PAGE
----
1. Configuring the infrastructure—When DirectAccess is configured, it automatically creates group policy objects containing DirectAccess settings, and these are applied to DirectAccess clients and servers. By default, the Getting Started Wizard applies the client GPO to mobile computers only, in the Domain Computers security group. You can also create alternate security groups and then add them when you run the Wizard.

    2. Configuring the Remote Access server and network settings—Configure network adapters, IP addresses and routing.

    3. Configuring certificate settingsIn this scenario, the Getting Started Wizard creates a self-signed certificate, or uses one already on your network, if available, so there is no need to configure the more advanced certificate infrastructure used in Deploy Advanced Remote Access.

    4. Configuring the network location serverIn this scenario, the network location server will be installed by the Getting Started Wizard on the Remote Access server.

    5. Configuring the Remote Access server—Install the Remote Access role and Run the DirectAccess Getting Started Wizard to configure DirectAccess.

Practical applications

  • Deploying a Remote Access server with DirectAccess provides constant connectivity for clients to access internal network resources any time they are located on the Internet without needing to log in to a VPN connection.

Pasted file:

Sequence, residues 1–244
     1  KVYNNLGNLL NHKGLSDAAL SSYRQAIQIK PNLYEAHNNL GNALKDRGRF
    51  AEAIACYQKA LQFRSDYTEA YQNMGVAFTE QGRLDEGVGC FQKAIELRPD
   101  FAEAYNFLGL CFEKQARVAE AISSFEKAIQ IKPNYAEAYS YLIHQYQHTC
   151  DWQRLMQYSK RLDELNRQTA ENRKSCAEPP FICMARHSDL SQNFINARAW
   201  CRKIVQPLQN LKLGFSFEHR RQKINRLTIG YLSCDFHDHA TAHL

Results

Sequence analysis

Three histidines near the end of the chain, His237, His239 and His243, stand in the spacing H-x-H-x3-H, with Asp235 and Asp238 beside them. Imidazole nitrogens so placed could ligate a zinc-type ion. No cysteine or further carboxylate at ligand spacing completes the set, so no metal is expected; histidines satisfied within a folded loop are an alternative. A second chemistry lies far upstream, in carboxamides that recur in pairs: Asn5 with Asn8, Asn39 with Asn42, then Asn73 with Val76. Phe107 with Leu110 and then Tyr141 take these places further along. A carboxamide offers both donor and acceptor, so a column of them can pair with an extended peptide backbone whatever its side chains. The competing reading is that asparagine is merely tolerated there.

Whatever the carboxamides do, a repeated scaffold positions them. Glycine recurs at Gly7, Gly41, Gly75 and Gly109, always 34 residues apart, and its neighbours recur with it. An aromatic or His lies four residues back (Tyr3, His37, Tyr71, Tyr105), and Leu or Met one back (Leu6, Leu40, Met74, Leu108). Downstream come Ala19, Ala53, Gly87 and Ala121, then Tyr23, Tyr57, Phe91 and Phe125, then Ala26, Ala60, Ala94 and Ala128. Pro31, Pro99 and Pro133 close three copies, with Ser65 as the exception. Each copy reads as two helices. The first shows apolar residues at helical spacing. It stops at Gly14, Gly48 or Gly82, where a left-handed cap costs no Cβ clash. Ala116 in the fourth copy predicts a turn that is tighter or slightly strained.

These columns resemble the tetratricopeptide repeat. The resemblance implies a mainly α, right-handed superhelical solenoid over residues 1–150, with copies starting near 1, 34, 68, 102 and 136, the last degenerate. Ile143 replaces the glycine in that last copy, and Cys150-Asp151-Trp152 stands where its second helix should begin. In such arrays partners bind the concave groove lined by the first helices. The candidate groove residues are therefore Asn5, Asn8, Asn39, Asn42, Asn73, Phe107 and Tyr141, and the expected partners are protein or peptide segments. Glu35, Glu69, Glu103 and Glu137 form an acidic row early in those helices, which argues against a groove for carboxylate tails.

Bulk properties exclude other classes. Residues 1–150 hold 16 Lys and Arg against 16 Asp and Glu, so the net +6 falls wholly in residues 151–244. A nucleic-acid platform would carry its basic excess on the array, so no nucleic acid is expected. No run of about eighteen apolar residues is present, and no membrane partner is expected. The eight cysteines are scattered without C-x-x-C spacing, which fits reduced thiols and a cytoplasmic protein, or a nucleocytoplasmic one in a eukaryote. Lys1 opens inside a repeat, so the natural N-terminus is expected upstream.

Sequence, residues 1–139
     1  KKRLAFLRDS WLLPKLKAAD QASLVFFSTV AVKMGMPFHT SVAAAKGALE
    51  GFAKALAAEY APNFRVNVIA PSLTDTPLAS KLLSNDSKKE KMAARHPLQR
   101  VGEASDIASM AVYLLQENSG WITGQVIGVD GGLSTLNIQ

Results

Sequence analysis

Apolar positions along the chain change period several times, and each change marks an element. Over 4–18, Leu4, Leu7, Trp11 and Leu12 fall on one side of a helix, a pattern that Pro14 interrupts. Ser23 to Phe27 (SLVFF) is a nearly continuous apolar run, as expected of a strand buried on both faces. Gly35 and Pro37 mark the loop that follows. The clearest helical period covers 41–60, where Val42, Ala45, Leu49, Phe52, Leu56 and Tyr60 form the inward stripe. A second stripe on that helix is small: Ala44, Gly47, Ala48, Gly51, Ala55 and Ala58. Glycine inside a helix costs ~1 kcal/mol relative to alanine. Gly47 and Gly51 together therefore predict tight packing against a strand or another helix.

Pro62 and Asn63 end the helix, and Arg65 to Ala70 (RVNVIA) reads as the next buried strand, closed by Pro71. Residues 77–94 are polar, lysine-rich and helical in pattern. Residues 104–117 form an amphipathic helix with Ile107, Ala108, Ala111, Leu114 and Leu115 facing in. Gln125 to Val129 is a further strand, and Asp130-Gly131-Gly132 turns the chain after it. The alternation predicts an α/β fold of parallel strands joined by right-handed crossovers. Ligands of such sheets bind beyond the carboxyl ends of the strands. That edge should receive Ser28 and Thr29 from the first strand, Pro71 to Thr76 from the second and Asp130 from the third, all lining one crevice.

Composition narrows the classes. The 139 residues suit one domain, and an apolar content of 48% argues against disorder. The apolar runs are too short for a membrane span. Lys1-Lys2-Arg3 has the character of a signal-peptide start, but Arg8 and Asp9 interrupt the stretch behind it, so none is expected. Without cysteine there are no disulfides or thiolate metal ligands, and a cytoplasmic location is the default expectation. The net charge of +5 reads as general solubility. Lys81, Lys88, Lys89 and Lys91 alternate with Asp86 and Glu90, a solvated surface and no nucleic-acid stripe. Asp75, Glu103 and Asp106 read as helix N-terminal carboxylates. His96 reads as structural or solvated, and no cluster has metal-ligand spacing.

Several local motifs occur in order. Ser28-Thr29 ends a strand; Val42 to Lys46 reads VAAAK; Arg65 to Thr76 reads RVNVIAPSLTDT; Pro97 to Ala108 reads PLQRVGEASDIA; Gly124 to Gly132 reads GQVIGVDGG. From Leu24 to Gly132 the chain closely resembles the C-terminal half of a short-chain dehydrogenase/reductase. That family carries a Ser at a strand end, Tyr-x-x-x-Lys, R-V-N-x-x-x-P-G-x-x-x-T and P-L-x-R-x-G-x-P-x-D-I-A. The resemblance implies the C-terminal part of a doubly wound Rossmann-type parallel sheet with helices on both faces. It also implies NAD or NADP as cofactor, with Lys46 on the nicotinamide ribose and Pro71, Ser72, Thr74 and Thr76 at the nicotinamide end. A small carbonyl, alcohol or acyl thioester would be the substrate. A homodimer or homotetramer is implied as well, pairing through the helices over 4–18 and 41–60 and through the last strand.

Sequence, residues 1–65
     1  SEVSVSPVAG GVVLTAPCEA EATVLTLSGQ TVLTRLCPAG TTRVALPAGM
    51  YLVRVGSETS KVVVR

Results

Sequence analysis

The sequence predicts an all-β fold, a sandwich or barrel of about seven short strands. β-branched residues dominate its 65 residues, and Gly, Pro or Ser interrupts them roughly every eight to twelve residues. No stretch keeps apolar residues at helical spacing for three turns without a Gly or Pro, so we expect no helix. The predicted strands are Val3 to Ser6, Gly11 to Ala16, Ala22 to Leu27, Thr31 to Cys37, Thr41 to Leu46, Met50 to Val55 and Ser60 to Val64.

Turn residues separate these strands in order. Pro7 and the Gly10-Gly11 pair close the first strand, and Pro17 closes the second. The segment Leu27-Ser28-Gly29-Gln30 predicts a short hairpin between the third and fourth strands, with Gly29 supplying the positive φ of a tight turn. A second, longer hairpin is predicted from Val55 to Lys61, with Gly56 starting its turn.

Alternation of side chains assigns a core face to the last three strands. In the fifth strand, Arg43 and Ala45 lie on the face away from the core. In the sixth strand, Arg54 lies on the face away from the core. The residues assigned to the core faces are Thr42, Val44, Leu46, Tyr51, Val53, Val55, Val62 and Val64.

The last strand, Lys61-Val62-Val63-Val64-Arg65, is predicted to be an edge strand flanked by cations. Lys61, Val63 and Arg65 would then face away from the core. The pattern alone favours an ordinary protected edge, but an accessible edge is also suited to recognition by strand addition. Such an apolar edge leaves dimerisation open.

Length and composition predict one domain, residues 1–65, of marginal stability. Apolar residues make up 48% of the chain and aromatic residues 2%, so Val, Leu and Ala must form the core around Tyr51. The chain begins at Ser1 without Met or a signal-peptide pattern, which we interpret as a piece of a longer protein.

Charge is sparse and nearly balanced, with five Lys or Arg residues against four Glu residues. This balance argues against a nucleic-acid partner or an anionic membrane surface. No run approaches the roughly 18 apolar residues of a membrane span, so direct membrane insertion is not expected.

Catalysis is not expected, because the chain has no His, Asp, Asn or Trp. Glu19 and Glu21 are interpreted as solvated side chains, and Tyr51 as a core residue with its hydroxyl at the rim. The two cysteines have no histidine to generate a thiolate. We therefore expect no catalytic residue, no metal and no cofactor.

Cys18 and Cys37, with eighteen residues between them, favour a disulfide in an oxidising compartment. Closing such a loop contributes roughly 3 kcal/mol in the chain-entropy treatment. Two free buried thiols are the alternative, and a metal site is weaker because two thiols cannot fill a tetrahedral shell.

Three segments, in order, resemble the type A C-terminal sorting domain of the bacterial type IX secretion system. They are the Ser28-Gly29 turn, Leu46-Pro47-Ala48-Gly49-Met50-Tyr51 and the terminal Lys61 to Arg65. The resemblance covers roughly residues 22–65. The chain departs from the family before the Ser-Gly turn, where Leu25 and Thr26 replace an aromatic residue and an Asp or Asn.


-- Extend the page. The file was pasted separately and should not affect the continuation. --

• DirectAccess client computers located on the Internet can be remotely managed by remote access administrators over DirectAccess, even when the user is not logged on.


Hardware and software configuration requirements for this scenario include the following:

  • Remote Access server requirements:

    • A computer running Windows Server “8” Beta.

    • The server must have at least one network adapter installed and enabled.

    • The server must be a domain member.

    • If the server is located behind an edge firewall or NAT device, the device must be configured to allow traffic to and from the Remote Access server.

    • The person deploying remote access on the server requires local administrator permissions on the server, domain user permissions. In addition, to take advantage of the features that restrict DirectAccess deployment to mobile computers only (the default for this scenario), permissions to create a WMI filter (Domain Admins) on the domain controller are required.

  • Client requirements:

    • DirectAccess client computers must be running Windows® 8 Consumer Preview (for Windows 7, see Deploy Advanced Remote Access).

    • DirectAccess clients must be domain members. Domains containing clients can belong to the same forest as the Remote Access server, or have a two-way trust with the Remote Access server forest or domain.

  • Infrastructure and management server requirements: